The reactions of some of ECM’s American artists when Hurwitz left the label for Nonesuch—Marries and has first child shortly after starting at ECM—Places Hurwitz lived in New York City—Experience of parenting—Love of the work of George Balanchine, Stephen Sondheim, and others helps strengthen Hurwitz's artistic foundation as he prepares to take over Nonesuch—Former Nonesuch head Tracy Stern’s firing and replacement by Keith Holzman before Hurwitz takes over in 1984—Initial anxieties upon taking over Nonesuch--Releases many of its artists from the label—How Steve Reich and John Adams came to be signed to the label—Nonesuch releases Philip Glass’ Mishima soundtrack, leading to a relationship with Glass—While endeavoring to honor Tracy Stern’s more “uptown” New York focus, moves the label's focus more decidedly “downtown”—Epiphanies regarding the music of Elliot Carter and John Adams—Feelings about music in concert versus music on records—How conditions at the time Hurwitz assumed the position at Nonesuch proved unique opportunities —Conditions that led to many of the label’s releases becoming big sellers—The key role the New York Times played in boosting the label’s profile—Signs on John Zorn, who stays with the label for a few years before their relationship breaks down—The significance of signing Caetano Veloso to the label—The label taps into the curious and open-minded audience of the time—More on the role the New York Times played in helping the label—How Hurwitz learned of the work of artists inside and outside the sphere of New York City—Signing more “pop” artists and the effect on the success of the label—The importance of maintaining a close relationship with a label’s artists—The challenge of acceptance and rejection in the record business—Elektra Records head Bob Krasnow’s support for Nonesuch and its artists.
The phenomenal success of Les Mystere des la Voix Bulgare and subsequent tours by the Bulgarian State Women’s Choir—Relationship with Astor Piazzola before Piazzola’s death—Realizing recordings of John Adams’ music, including Adams' many very large-scale works—Changes in the music industry after the introduction of Napster in the late 1990s necessitates different strategies for financing recordings—Making the transition from LPs to CDs—The making of the Nonesuch recording of Gorecki’s Symphony No. 3 and its unexpectedly huge success—The low impact of radio airplay on the success of Nonesuch products—Adams’ The Death of Klinghoffer and its surrounding controversy—The often unusual subject matter of Adams’ collaborations with director Peter Sellars—How Adams’ opera Nixon in China plays in the present day—Nonesuch releases video collections of George Balanchine ballets—The huge success of the Gipsy Kings paves the way for more budgetary security for Nonesuch in the 1980s and 1990s—Pop artists accustomed to dealing with big record labels begin approaching Nonesuch—A huge Warner Music Group shakeup in 1994 leads to the firing of Bob Krasnow, a restructuring of the group’s labels, and an increase in autonomy for Nonesuch—The label survives through four owners over the years—The change in the culture at Warner Bros. after Mo Ostin’s departure—The disastrous impact of the change to digital formats on the retail record business—The impact on the music business of independent record labels' absorption into large conglomerates--Nonesuch reaches the audience for high art —Circumstances that led to the release of The Buena Vista Social Club with Ry Cooder, the label’s biggest success to that point—How Nonesuch came to release recordings by Stephen Sondheim during the 1990s.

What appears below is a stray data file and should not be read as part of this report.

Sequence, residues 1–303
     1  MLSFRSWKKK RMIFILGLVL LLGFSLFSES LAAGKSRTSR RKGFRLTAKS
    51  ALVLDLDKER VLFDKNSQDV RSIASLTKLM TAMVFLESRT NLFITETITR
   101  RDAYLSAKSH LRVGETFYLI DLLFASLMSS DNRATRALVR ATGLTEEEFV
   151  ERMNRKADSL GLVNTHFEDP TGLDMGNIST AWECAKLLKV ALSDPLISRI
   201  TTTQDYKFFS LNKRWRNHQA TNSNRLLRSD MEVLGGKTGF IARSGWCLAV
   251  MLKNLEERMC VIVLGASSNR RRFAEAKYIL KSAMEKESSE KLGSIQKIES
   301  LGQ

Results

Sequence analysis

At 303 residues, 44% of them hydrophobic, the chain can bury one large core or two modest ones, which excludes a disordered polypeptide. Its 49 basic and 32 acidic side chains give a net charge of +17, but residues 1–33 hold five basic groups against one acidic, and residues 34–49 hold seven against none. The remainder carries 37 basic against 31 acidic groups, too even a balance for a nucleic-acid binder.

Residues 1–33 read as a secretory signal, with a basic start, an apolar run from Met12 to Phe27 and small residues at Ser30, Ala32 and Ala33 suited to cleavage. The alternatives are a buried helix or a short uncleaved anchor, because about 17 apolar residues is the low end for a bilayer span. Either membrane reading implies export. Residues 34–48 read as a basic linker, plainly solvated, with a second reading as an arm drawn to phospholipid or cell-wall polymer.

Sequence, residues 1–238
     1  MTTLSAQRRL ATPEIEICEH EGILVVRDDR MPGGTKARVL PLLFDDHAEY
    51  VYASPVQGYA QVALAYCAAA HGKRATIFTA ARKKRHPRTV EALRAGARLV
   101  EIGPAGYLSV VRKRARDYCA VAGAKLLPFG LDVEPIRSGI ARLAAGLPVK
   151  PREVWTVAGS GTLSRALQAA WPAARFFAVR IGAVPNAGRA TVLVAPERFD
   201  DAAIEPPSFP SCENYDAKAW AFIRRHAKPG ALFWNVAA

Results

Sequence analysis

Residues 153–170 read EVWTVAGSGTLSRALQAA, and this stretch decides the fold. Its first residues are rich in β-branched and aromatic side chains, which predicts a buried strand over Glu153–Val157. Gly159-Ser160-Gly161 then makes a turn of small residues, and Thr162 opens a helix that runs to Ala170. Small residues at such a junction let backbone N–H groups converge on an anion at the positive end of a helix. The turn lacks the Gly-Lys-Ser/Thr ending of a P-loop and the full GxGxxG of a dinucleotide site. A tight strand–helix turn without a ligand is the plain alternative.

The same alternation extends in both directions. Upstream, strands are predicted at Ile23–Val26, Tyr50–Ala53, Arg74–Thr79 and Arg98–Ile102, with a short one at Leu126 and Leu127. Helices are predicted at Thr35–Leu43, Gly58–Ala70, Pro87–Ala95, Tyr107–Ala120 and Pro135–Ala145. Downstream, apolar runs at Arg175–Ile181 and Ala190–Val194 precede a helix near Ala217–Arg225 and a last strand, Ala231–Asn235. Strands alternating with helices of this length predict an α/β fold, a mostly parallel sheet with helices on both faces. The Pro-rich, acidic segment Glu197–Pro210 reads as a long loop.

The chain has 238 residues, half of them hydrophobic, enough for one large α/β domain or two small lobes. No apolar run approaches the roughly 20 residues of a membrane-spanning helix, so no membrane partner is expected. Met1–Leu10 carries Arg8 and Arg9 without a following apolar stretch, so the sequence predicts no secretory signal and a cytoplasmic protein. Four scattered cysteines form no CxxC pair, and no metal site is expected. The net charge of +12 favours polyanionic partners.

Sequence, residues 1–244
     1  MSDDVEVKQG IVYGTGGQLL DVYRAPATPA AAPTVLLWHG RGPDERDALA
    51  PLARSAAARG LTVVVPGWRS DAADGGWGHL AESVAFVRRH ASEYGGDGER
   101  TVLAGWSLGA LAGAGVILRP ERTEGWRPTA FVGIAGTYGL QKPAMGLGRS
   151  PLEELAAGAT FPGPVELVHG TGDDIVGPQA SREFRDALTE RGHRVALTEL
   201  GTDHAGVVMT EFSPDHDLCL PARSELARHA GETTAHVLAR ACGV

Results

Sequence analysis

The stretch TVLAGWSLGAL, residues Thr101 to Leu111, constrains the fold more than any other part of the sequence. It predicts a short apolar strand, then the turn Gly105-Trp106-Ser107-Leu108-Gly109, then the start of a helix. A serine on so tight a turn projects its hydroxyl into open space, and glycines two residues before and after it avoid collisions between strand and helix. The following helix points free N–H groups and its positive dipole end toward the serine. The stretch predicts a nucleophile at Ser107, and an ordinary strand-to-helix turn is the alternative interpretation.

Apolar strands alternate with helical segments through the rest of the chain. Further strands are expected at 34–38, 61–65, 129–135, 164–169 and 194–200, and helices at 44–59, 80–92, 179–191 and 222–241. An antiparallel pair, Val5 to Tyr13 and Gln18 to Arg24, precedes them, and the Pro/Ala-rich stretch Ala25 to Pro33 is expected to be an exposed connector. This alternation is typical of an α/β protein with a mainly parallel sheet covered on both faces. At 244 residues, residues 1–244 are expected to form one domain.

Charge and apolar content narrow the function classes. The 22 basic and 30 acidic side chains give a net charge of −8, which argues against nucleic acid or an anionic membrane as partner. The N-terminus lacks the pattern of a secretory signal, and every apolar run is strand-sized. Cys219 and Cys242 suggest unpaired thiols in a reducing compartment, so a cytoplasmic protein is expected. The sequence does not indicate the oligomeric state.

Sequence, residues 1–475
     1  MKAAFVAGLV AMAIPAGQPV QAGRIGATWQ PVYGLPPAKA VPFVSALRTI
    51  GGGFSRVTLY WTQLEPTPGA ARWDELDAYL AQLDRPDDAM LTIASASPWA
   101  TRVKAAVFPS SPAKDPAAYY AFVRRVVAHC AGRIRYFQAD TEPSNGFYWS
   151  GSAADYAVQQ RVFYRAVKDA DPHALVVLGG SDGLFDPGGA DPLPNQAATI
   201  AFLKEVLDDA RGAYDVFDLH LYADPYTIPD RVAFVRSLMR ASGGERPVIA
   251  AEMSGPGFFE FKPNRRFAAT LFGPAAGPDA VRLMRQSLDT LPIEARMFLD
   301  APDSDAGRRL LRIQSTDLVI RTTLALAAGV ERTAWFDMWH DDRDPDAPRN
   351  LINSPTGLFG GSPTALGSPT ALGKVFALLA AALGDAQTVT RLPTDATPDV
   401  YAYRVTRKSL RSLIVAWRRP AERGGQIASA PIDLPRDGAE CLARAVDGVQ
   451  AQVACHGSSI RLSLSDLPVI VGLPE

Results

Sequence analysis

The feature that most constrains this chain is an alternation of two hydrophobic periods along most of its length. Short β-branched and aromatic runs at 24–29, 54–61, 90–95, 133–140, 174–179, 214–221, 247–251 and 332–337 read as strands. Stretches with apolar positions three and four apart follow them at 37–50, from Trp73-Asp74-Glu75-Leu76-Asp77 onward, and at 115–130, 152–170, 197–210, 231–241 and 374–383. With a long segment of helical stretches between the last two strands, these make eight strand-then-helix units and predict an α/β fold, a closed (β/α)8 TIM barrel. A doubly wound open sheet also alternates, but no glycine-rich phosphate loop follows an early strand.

Nonesuch wins Grammy Awards in a broad range of categories—Business principles the company followed—Label weathers industry changes and experiences success with pop artists like Wilco—Hurwitz's insistence that the label’s artists get paid for their work, despite the trend toward streaming music for free—The current financial crisis in the music business due to streaming—While many labels try to stay alive by reissuing back catalog, Nonesuch continues to release new products--Many pop-style artists experience comfort and satisfaction being on Nonesuch—As a result of managerial shakeups in the label’s ownership, Nonesuch inherits the contracts of some notable jazz artists—Opportunity to meet and work with Bjork—The generous and gracious nature of most of the artists with whom Hurwitz has worked over the years—Hurwitz continues to work with a core of Nonesuch artists while gradually releasing himself from the running of the label—Has less involvement with the label's younger generation of pop music artists—Teaches classes and seminars at the New School in New York City—Factors leading to decision to pull away from heading Nonesuch after the label’s 50th anniversary—In the early 1990s Hurwitz begins keeping a daily journal of his activities—How Nonesuch endeavors to reach and hold a broad audience in the age of streaming and YouTube—Potential strategies for preserving recordings should they go out of print—Hurwitz's two children—Stills plays the piano every day—Hurwitz's appreciation and gratitude for the work he has had the opportunity to do in the record business.